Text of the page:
Cable Plummets On Report Brexit Talks Headed For "Catastrophic Breakdown" If No EU Compromise

Having traded near sessions highs most of the morning session, sterling suddenly tumbled (even if Gilts refused to move) following a Bloomberg report that the UK is said to see Brexit breakdown if the EU refuses to compromise. In immediate kneejerk reaction, GBPUSD plunged 50 pips, to session lows on fears that Theresa May's visit to Brussels will be meaningless and just another opportunity for Juncker to get drunk.

As Bloomberg adds, Brexit negotiations are heading for a "catastrophic breakdown" unless the European Union signals this week that it will allow talks to move on to trade, according to a person familiar with the U.K. government’s position.

While the headline is likely just another trial balloon meant to send a message to Brussles, Bloomberg notes that without a clear sign that negotiations will progress to trade and transition arrangements by December at this week’s summit of European leaders, "the entire Brexit process will be in danger of collapse - and senior British ministers are losing faith in the EU’s willingness to strike a deal", a Bloomberg source said.

Speaking on condition of anonymity, the person said Prime Minister Theresa May took a political risk by promising to pay into the EU budget and settle the divorce bill in a speech in Florence, Italy, last month and now needs something in return before she can make further concessions. As reported earlier, the assessment comes as the prime minister heads to Brussels for dinner with EU chiefs ahead of a critical summit starting Thursday, and is calling EU leaders individually in last-minute diplomatic efforts. May will spend 90 minutes talking with European Commission President Jean-Claude Juncker and the bloc’s chief negotiator Michel Barnier on Monday in an attempt to break the deadlock in the negotiations.

Some more details from Bloomberg:

Germany and France made clear on Friday they want to toughen the tone of a declaration that’s being prepared for the summit, according to an official familiar with the discussions. The latest draft already offered the U.K. little beyond encouraging words and a call for Barnier to start preparatory discussions on trade talks -- but only within the European side.

 

Talks have stalled because Britain won’t detail how much it’s ready to pay as it leaves the bloc until the EU starts discussing the future trading agreement and the transition that Britain wants to smooth the split. Europe says it won’t do that until May’s government takes steps toward an agreement on the bill. With or without a deal, the U.K. will leave in March 2019.

 

German Chancellor Angela Merkel and French President Emmanuel Macron are the two key obstacles to allowing talks to move on to trade, according to the first official. Germany has a vested interest in delaying progress in the Brexit talks because Frankfurt is trying to tempt companies away from London, the person said.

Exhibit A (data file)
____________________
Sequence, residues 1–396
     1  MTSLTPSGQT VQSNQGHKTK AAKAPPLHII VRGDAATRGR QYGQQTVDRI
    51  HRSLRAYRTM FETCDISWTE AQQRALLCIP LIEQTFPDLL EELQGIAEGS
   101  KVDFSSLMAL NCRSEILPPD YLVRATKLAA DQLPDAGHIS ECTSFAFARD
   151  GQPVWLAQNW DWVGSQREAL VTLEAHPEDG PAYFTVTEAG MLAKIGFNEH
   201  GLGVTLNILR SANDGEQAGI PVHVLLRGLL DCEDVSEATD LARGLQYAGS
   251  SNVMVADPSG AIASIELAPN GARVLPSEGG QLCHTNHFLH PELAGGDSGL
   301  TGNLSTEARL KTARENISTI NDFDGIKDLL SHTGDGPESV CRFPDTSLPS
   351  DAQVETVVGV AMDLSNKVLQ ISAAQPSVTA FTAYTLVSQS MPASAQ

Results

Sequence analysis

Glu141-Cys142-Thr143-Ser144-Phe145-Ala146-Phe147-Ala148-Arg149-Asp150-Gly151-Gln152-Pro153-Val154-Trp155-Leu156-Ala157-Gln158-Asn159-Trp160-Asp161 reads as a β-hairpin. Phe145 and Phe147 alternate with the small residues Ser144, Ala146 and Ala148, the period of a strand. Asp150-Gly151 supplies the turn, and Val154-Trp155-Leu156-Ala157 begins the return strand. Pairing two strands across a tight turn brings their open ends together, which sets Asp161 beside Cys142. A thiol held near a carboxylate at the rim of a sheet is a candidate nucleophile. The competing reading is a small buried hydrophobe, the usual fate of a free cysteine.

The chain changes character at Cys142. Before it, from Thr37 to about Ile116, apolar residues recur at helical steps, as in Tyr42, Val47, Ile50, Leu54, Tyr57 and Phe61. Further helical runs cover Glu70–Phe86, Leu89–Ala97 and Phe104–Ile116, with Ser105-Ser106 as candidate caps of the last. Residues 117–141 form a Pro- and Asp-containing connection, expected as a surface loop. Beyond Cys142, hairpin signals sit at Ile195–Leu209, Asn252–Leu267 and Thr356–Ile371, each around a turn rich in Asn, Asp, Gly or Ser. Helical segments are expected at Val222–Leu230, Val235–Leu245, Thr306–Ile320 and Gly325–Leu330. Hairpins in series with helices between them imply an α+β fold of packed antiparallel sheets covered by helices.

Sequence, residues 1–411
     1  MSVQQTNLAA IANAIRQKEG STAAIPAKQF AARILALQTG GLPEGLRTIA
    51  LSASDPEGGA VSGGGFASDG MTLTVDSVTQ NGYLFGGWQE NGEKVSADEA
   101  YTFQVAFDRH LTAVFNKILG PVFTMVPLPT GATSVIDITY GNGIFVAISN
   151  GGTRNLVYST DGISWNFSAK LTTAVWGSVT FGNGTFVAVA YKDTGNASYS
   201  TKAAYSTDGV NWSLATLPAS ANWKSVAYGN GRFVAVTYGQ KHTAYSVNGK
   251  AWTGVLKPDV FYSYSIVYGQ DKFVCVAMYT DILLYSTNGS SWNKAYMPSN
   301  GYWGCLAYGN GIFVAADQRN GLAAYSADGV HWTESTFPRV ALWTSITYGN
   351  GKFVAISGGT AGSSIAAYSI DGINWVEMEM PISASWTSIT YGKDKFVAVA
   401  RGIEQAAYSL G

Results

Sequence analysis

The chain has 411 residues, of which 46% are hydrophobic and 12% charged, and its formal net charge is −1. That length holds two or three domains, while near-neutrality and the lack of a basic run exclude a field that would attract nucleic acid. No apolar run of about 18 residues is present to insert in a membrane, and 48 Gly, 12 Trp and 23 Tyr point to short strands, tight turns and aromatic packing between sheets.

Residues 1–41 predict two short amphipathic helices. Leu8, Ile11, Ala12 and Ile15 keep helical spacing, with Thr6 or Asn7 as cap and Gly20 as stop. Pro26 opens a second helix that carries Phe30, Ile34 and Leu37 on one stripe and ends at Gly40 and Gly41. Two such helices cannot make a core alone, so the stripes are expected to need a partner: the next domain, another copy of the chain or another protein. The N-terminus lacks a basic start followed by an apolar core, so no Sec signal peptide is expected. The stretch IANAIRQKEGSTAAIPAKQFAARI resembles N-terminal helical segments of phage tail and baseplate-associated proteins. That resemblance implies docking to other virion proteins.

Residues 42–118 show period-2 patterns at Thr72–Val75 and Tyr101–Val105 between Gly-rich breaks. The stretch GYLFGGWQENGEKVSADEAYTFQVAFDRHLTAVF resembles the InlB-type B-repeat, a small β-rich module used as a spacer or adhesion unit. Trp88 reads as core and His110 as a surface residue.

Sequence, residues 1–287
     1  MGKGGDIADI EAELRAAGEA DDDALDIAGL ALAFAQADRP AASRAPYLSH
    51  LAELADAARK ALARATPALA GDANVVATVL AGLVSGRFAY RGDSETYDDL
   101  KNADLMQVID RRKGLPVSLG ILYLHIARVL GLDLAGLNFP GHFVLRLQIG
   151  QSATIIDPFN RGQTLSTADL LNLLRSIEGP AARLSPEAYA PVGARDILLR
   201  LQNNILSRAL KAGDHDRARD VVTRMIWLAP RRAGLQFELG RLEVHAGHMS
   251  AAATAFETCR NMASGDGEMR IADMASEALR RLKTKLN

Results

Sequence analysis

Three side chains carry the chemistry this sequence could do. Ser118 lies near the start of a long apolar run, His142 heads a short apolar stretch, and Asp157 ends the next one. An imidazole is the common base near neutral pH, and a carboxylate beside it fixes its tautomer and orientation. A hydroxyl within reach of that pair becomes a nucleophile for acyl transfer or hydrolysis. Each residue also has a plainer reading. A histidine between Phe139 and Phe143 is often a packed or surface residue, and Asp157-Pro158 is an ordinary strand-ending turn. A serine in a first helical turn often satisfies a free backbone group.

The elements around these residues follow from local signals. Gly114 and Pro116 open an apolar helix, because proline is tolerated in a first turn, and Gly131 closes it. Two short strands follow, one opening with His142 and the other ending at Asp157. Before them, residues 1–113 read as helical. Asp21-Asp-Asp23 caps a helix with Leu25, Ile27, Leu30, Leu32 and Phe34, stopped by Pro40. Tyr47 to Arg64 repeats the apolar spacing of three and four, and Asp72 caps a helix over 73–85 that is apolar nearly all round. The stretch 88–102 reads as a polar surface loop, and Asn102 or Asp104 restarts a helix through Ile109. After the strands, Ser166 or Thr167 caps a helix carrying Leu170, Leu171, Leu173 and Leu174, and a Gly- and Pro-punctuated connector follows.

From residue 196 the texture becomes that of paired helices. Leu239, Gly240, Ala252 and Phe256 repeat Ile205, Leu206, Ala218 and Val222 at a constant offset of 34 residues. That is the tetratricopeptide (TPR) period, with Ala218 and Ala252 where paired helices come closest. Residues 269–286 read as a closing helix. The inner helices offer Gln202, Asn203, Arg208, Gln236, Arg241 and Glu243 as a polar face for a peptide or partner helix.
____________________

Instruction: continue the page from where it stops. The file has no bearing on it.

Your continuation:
Meanwhile, Euroskeptics in May’s Conservative Party want her to “call time” on the negotiations and walk away without a deal. She needs the EU now to create the atmosphere and the space for her to make any further concessions, because her political position at home is so precarious, the person said.

Since so far no compromises have been offered by any Eurocrats, tonight's unexpected Theresa May dinner and drinks with Juncker could make or break the Brexit process, not to mention cost May her job.

Comments

Ghordius chubbar Mon, 10/16/2017 - 09:37 Permalink

lol. I love those utterly non-sensical "arguments"what does it mean, "The EU doesn't have a standing army" in the first place?besides the fact that there are no armies involved, it's just a trading negotiation?no, the EU does not have a standing army. phew, eh? now, try this: do the members of the EU have some?France, Germany, Italy, Spain, just to number four of them?"Britain has plenty of trading partners..." correct. now... what did those members say, before the referendum? "go ahead, it's a swell idea"? did they? or... did they say actually something in the tune of "are you frigging crazy"?

In reply to by chubbar

Kayman Ghordius Mon, 10/16/2017 - 10:02 Permalink

Changing the EU from a trading bloc to a political bloc has created this process of unravelling. Britain has lots to lose if the EU remains intransigent, but Britain is not landlocked and can make bilateral deals that are less onerous than the dictates of Brussels.And aside from welfare, and robbing from the future, what has Europe got that it can export to world? German cars suppressed in price via the Euro. And faux moralism about taking your "fair share"of the Muslim hordes. Sounds like a solid glue to keep the collective of the European common together, n'est pas?

In reply to by Ghordius

Ghordius Kayman Mon, 10/16/2017 - 10:22 Permalink